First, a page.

Commercial Fishing Endangers Mediterranean Dolphin Populations
Extensive commercial fishing endangers dolphin populations in the Mediterranean. This has been shown in a new study carried out at the University of Haifa’s Department of Maritime Civilizations. “Unfortunately, we turn our backs to the sea and do not give much consideration to our marine neighbors,” states researcher Dr. Aviad Scheinin.
The study, which was supervised by Prof. Ehud Spanier and Dr. Dan Kerem, examined the competition between the two top predators along the Mediterranean coast of Israel: the Common Bottlenose Dolphin (Tursiops truncatus) and bottom trawlers. (Trawling is the principal type of commercial fishing in Israel and involves dragging a large fishing net through the water, close to the sea floor, from the back of a boat.) These two predators off the coast of Israel trap similar types of fish near the sea floor, so the researchers decided to examine the nature of the competition between the two.
Commercial trawling in the Mediterranean off the coast of Israel targets codfish, red mullet and sole, three commercial and sought-after types of fish. The Department of Fisheries in Israel’s Ministry of Agriculture has data showing that over the years the amount of fish from the sea floor looted by Israel’s commercial trawling is larger than the amount of fish that nature provides, indicating that the sea floor fish population dropped between the years 1949 and 2006.
Would this decline in fish supply necessarily cause direct harm to the dolphins, seeing as their diet might also include other types of fish? In order to verify this, the researcher examined the contents of the stomachs of 26 dolphins that died and landed on the beach, or that had been caught by mistake. He also examined the behavior of living dolphins by carrying out 232 marine surveys over more than 3,000 km. along the central coast of Israel. The dolphins’ stomachs contained mainly non-commercialized fish, suggesting that they perhaps do not compete directly with the commercial trawlers, and that the commercial fishing does not directly affect the dolphins’ nutrition.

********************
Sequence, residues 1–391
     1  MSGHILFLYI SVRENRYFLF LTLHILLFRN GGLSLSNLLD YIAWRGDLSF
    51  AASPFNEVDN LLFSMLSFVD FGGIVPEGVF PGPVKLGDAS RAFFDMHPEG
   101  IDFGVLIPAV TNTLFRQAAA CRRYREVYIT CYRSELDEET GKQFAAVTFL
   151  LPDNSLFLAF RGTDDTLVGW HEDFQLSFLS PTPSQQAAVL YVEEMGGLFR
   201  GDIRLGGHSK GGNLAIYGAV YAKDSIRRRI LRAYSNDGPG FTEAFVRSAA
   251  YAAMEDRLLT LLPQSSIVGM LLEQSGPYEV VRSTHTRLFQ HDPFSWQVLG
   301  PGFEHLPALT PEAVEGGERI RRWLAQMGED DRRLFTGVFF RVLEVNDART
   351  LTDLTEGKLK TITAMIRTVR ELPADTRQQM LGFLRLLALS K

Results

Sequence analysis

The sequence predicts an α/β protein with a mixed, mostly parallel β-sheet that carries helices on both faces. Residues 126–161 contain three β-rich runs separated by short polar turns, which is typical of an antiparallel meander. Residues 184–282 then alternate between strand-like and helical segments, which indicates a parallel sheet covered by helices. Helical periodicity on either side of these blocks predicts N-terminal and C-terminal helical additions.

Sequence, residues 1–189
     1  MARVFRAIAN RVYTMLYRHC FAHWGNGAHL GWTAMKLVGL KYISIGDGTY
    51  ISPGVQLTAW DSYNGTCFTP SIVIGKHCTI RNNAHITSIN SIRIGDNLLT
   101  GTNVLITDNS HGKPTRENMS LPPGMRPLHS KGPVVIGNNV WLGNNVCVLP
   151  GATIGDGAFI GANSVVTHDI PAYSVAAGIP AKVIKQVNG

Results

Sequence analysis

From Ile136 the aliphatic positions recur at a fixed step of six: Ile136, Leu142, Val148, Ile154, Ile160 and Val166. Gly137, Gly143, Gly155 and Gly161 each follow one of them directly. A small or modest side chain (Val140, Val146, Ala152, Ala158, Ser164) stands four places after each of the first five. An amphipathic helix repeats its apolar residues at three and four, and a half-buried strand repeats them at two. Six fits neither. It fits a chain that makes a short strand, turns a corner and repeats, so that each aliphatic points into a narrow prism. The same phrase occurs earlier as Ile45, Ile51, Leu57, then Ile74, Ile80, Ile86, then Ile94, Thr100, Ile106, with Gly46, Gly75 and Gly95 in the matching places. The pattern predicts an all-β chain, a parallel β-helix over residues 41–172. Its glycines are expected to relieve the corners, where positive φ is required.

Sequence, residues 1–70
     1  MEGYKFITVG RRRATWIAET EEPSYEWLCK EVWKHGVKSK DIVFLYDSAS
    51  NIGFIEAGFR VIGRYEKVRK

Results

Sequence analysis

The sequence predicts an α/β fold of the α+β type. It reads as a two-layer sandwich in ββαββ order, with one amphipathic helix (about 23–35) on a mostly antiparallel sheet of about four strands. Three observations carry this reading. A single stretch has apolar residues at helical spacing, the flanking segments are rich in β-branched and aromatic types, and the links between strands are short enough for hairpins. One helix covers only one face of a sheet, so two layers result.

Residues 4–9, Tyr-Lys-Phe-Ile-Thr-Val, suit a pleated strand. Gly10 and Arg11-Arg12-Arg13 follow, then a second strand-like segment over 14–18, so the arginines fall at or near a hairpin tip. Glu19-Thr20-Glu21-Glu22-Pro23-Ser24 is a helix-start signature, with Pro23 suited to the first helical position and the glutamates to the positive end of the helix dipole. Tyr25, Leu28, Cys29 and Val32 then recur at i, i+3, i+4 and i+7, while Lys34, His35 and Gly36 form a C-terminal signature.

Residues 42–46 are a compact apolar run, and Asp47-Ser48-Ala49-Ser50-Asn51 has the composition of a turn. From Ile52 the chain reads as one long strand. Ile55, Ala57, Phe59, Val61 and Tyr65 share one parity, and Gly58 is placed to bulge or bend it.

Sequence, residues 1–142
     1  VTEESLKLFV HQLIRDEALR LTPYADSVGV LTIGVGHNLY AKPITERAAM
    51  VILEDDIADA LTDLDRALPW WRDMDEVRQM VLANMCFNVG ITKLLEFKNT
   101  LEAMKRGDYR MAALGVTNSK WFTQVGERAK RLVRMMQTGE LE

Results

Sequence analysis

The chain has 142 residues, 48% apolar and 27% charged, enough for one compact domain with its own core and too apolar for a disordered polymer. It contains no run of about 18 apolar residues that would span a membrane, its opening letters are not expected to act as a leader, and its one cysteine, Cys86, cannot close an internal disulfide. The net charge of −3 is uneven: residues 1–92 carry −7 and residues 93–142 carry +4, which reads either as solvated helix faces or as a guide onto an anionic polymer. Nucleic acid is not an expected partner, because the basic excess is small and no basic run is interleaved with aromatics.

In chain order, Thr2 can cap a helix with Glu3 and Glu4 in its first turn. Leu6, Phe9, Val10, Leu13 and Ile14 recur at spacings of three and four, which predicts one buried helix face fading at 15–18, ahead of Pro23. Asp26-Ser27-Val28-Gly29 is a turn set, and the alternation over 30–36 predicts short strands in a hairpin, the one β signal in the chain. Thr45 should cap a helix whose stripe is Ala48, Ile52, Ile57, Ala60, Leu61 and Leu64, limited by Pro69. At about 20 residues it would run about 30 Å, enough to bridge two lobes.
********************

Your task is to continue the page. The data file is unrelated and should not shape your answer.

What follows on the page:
The living dolphins’ behavior, on the other hand, draws an entirely different picture. According to Dr. Scheinin, most of the dolphins were observed around the trawling boats: the chances of observing a school of dolphins near a trawler is ten times higher than in the open sea. This is because the trawler serves as a “feeding station” for the dolphins: there they are not able to feed from the more expensive loot caught in the nets, but they are able to enjoy schools of other types of fish that swim around the trawler. “The problem is that this type of fishing endangers the dolphins. Eight dolphins die each year off the coast of Israel on average, and of those, four die after having been mistakenly caught in trawling nets. Seeing as many studies have proven the high intelligence of the dolphin, it is clear that these sea mammals are aware of this danger, but are left with little choice due to their need to search for food around the trawlers due to the scarcity of other food sources,” Dr. Scheinin explains.
This conclusion is reinforced by the suckling female dolphins. These dolphins require larger quantities of food than usual, and despite the risk for the younger and much less experienced dolphins that swim by their side, all of the suckling dolphins have been observed significantly more frequently around the trawlers. This indicates that they could not obtain enough food in other places.
The dolphins off the coast of Israel spend most of their time in search of food while their mates in other areas in the world are far busier with social activities. This fact is yet another contributing factor to the assumption that they suffer a deficiency in food resources.
The present study illustrates, for the first time, the characteristics of the dolphins inhabiting the sea region off the Mediterranean coast of Israel. This dolphin population is stable and at any given time can be counted at about 350 dolphins. Of these, the researchers are personally familiar with 150 dolphins – on a first name basis – which can be identified by the dorsal fin, the dolphin’s fingerprint. Forty of these are seen repeatedly and are permanent inhabitants of opposite the coast of Israel. “There is a stable dolphin population off the shores of Israel, and any resolution concerning the sea must also consider the dolphins. So as to preserve this population we must declare extensive marine nature reserves, so as to regulate fishing and bring an end to sea pollution. Regrettably, we are not considerate enough of the dolphins,” concludes Dr. Scheinin.
Image 1: Dolphin mother and infant (by Dr. Aviad Scheinin, IMMRAC)
Image 2: Dolphin next to trawler (by Dr. Aviad Scheinin, IMMRAC)
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